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Pandemic cited as Md. opioid fatalities inch up

Opioid deaths in Maryland increased slightly in the first three months of 2020 from the first quarter of last year, a finding that may reflect the impact of the coronavirus pandemic, state officials said Wednesday.

In the first quarter of 2020, there were 561 opioid-related deaths in Maryland, a 2.6 percent increase from the first quarter of 2019. Additionally, there were increases in unintentional intoxication fatalities related to nearly all other major drug categories in Maryland, including substantial increases in both cocaine-related and alcohol-related deaths.

The findings were included in the state’s quarterly report on the opioid crisis released Wednesday by The Opioid Operational Command Center and the Maryland Department of Health. The report includes preliminary data for unintentional drug- and alcohol-related intoxication deaths for the period between January and March 2020.

“While it is simply too early to understand the precise effect that the coronavirus pandemic has had on state’s war against substance use, I can assure you that we recognize the threat that it poses to our progress in the fight and to some of our most vulnerable populations,” said Gov. Larry Hogan. “I am pleased to announce that my administration has created the Maryland COVID-19 Inter-Agency Overdose Action Plan so that we can take steps immediately to ensure that systems and resources are in place for individuals in need of substance use services as a result of the pandemic.”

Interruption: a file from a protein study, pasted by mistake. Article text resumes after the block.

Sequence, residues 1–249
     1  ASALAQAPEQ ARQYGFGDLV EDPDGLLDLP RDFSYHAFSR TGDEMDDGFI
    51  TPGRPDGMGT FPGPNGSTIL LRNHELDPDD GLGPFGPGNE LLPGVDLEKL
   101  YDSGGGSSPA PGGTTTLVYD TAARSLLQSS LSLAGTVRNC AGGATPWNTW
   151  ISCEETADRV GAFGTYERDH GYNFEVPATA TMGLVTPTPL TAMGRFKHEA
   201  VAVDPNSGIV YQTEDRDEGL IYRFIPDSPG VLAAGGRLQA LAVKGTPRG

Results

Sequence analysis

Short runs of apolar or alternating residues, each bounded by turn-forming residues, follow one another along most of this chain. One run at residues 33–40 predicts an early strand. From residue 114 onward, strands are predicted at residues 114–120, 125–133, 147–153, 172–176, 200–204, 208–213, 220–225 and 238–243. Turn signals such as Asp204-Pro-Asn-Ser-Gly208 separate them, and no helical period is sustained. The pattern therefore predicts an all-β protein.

The first-quarter results represent a slight shift in the direction of the state’s drug-related fatality numbers, which declined in 2019 for the first time in over a decade. There were 626 reported intoxication deaths from all types of drugs and alcohol, representing an increase of 0.8 percent from the 621 intoxication deaths reported in the first three months of 2019.

Opioids accounted for 89.6 percent of all such fatalities. The synthetic opioid fentanyl was involved in 83.5 percent of all cases.

The data also reveal that opioid-related emergency department visits and EMS naloxone administrations were down substantially in the first quarter of 2020. Typically, these statistics would rise in correlation with fatalities, and their declines indicate disruptions in the broader response systems that may have lingering effects on people who use drugs.

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